Employees taking leave for qualifying reasons 4, 5, and 6 above are only eligible to be paid two-thirds of their regular pay rate up to $200 per day/$2,000 total to care for others. The EPSLA comes with a number of exceptions as to which employers are subject to its provisions. This paid sick leave benefit may be in addition to any paid time off or sick leave an employee is eligible to take. Employers should review their PTO/vacation/sick leave policies to make sure they are in compliance with those policies and promised benefits as well.

While the U.S. Department of Labor is posting “guidance” regarding this newly enacted provision, the DOL has not offered any clarity as to whether a federal, state, or local “stay in place” order or proclamation qualifies as a COVID-19-related isolation or quarantine order. Employers should assume this type of government-issued order or proclamation limiting non-essential movement does qualify under the EPSLA and comply accordingly.

Emergency Family and Medical Leave Expansion Act (“EFMLEA”)

The EFMLEA is a much narrower law that temporarily expands the Family Medical Leave Act to provide paid, protected leave for workers who cannot work or telework due to the COVID-19-related closure or unavailability of the worker’s traditional childcare provider. The Act applies to employers with fewer than 500 employees and potentially exempts small businesses. As with the EPSLA, healthcare providers and emergency responders are exempt as are small businesses with fewer than 50 employees if the required leave would jeopardize the viability of their business.

Unemployment and Disability Insurance

Employers should also remember that the newly enacted FFCRA provisions don’t negate older statutes like Title VII, the ADA, and the ADEA, or an employer’s long-standing policies and benefits. Employees who aren’t able to work due to COVID-19 exposure or diagnosis may also be eligible to file state disability insurance claims under existing short-term and long-term disability policies. Likewise, employees whose hours are significantly reduced or who are laid off or terminated are eligible for state unemployment benefits under Governor Cooper’s March 17th Executive Order expanding the state’s unemployment eligibility statutes.

Many North Carolinians have already taken advantage of the temporarily revised unemployment laws. Officials say they received 113,002 unemployment claims last week alone and 87% of those claims were related to COVID-19. So far this week there have been 25,000 more claims filed. Expect that number to go up significantly with Mecklenburg County’s stay at home proclamation.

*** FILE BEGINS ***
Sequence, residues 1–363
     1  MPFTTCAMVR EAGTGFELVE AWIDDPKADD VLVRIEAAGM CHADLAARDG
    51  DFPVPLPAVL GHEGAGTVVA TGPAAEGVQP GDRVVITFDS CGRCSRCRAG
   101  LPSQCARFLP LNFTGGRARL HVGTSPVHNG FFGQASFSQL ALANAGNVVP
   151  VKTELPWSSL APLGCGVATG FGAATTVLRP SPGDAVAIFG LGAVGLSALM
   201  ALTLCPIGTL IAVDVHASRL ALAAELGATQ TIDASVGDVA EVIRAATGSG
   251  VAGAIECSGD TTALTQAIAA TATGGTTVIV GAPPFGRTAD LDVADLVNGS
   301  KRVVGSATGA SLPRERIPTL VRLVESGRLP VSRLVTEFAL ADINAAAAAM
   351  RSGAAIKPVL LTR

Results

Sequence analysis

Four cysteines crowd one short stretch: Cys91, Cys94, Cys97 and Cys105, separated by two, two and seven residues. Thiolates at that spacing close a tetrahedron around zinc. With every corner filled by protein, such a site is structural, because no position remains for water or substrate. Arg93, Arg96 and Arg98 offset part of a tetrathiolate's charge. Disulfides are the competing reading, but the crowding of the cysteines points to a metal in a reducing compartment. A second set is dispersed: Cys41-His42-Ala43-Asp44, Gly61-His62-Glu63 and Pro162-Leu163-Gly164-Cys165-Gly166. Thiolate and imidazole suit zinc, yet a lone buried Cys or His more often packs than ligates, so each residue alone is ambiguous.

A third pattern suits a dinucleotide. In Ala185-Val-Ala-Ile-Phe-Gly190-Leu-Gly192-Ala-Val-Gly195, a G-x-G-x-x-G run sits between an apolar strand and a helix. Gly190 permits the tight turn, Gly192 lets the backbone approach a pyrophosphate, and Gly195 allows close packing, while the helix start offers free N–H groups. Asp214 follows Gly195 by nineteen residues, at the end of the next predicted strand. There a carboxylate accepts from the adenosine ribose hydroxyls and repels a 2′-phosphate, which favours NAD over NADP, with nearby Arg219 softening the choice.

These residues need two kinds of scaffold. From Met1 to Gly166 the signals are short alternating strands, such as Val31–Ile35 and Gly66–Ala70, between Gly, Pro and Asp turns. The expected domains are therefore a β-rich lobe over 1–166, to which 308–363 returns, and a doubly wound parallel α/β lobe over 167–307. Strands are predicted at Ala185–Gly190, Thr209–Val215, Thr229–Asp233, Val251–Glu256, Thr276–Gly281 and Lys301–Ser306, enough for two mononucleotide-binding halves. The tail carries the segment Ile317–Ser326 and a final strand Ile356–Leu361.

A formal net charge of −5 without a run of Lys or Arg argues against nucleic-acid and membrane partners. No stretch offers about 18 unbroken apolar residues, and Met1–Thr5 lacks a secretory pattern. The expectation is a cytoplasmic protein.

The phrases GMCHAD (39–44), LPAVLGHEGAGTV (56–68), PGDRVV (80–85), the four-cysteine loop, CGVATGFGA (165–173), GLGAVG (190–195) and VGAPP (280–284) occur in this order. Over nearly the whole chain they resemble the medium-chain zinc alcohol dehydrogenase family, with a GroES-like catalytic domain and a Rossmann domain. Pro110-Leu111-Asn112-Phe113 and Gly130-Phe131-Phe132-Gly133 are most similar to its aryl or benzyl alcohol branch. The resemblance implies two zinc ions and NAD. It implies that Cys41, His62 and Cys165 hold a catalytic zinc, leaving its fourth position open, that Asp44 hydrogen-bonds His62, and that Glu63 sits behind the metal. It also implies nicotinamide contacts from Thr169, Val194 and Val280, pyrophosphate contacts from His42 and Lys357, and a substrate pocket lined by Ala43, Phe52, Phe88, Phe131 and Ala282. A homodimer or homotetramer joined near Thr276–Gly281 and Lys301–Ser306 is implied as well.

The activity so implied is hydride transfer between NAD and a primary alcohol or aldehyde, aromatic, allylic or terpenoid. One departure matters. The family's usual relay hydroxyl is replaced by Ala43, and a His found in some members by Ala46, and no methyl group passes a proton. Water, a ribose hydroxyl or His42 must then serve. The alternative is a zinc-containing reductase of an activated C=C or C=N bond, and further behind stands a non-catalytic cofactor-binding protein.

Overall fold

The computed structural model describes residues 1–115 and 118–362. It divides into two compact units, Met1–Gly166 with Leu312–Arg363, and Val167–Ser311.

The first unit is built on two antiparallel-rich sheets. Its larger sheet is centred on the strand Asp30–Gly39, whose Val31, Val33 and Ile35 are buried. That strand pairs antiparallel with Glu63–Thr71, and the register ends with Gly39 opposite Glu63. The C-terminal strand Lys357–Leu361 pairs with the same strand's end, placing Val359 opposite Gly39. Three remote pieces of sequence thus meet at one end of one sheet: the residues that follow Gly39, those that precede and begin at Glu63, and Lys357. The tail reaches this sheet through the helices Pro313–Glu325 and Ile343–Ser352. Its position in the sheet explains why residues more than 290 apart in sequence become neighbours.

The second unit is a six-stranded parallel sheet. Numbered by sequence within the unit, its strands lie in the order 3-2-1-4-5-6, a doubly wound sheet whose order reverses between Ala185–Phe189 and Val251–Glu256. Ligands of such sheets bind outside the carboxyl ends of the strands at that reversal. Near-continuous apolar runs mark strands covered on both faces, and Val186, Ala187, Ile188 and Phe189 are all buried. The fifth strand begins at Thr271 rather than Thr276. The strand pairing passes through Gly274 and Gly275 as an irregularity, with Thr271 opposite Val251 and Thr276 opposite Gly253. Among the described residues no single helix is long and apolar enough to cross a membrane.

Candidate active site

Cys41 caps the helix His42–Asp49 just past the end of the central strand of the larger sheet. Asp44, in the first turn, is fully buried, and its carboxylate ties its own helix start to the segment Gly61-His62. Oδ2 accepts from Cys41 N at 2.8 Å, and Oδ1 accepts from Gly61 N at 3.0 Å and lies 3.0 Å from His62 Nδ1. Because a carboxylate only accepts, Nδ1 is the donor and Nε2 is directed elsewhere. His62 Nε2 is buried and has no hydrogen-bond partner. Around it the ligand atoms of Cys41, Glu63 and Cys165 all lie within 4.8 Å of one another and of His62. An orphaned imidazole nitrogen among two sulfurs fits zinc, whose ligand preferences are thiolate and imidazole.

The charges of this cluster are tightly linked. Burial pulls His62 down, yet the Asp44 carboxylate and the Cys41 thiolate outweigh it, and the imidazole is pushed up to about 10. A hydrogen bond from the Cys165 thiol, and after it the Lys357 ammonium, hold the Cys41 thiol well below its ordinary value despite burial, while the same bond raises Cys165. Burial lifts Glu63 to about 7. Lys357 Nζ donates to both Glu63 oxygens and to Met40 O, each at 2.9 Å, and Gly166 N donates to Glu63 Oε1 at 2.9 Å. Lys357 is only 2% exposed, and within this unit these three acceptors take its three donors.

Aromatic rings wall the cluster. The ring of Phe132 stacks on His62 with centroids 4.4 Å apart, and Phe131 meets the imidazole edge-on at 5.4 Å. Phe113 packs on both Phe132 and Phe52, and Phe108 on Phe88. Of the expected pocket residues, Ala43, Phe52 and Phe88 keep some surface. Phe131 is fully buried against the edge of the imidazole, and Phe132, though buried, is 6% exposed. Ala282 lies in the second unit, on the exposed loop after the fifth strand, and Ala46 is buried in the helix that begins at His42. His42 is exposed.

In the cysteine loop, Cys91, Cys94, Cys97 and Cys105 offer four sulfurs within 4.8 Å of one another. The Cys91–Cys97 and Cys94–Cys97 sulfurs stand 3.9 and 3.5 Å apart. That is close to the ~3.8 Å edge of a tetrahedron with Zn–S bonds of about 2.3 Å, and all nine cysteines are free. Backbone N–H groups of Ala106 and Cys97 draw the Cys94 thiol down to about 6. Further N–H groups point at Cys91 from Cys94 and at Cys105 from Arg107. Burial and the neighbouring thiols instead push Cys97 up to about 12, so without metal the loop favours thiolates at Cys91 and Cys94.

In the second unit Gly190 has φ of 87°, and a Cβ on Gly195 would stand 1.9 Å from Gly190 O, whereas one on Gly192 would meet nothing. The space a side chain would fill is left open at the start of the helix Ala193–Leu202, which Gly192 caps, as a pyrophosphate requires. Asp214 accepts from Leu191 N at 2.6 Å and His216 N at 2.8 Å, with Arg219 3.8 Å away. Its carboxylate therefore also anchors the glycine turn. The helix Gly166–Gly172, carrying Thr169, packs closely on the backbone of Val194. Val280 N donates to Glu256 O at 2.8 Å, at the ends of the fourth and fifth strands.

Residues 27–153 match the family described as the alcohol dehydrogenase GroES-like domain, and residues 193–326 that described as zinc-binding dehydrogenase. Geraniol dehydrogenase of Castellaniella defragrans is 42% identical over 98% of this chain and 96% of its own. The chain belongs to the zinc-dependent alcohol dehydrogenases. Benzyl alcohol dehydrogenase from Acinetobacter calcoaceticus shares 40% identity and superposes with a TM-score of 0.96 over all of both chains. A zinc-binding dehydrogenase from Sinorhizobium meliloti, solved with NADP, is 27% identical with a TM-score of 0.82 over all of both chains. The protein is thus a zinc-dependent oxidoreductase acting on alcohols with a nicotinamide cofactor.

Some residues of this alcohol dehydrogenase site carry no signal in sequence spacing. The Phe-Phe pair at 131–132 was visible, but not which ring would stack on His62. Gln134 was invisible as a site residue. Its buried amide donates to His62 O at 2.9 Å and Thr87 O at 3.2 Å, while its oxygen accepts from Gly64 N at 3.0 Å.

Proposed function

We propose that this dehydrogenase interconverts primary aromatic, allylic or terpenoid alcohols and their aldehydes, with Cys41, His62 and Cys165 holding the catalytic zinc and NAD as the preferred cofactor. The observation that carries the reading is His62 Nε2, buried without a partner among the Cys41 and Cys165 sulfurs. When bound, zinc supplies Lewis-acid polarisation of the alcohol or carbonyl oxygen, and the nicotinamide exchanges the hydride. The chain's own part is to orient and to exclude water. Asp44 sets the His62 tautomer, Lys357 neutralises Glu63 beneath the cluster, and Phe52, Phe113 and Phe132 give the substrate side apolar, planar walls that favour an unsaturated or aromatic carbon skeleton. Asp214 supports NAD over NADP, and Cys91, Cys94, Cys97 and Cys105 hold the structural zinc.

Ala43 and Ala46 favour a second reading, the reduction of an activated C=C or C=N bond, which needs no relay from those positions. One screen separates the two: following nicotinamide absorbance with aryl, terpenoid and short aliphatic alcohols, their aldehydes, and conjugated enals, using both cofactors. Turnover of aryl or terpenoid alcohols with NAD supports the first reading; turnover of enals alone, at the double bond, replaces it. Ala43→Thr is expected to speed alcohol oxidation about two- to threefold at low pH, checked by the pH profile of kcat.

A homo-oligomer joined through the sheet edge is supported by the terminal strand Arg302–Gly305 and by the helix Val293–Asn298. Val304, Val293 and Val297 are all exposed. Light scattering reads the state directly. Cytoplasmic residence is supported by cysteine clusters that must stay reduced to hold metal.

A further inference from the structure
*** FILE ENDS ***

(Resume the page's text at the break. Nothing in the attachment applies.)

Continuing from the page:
Do Employees Have to Come to Work?

Generally, employees may only refuse to come to work if they believe they are in imminent danger and that belief is objectively reasonable. Although Mecklenburg County’s proclamation doesn’t apply to certain employers providing essential services, the fact that the County has ordered residents to stay home could provide justification for even those employees deemed essential to refuse to come to work.

Also, if two or more employees jointly refuse to work, their refusal may constitute “protected concerted activity” under the National Labor Relations Act – something employers should carefully evaluate before acting too quickly.

Essential Businesses Remaining Open

If you are an employer likely to remain open under Mecklenburg County’s stay at home proclamation, you should prepare to be vigilant about maintaining a clean and safe workplace. That includes providing supplies for proper hygiene (soap, hand sanitizers, tissues, paper towels), routinely cleaning all surfaces with frequent office traffic, eliminating shared offices and crowded workspaces, prohibiting unnecessary business travel and in-person meetings, and encouraging employees to be open about their health and any health changes.

If an employee shows up to work sick, send them home to immediately self-quarantine or seek medical attention but first find out if they worked in close proximity to any co-workers during the previous 14 days. If so, identify those employees and send them home to self-quarantine for 14 days as well. Do not identify any infected or potentially infected employees by name in any written or verbal communications to your office. Finally, deep clean the office and workspaces of the infected employee and those he or she worked closely with prior to becoming ill.

This client alert provides an overview of a specific developing situation and is not intended to be, nor should be construed as legal advice for any particular fact situation. Lincoln Derr can help guide you through this unprecedented time.

Kathleen (Kathi) Lucchesi

Kathi Lucchesi regularly advises her clients in connection with all types of employment issues both in and out of the workplace. She works with employers in connection with the hiring, discipline and termination of employees, policy drafting and implementation, claims for wrongful discharge and discrimination, unemployment, FMLA and Wage & Hour violations, and EEOC, DOL, ESC, DOJ, and Title IX investigations.